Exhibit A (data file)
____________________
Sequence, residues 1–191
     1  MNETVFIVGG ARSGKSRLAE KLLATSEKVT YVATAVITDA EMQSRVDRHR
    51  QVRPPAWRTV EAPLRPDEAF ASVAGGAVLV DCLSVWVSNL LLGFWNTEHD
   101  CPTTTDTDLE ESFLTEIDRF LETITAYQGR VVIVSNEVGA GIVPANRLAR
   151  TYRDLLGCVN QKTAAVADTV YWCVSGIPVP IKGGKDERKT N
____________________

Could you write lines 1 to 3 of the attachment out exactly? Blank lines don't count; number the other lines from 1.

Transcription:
Sequence, residues 1–191
     1  MNETVFIVGG ARSGKSRLAE KLLATSEKVT YVATAVITDA EMQSRVDRHR
    51  QVRPPAWRTV EAPLRPDEAF ASVAGGAVLV DCLSVWVSNL LLGFWNTEHD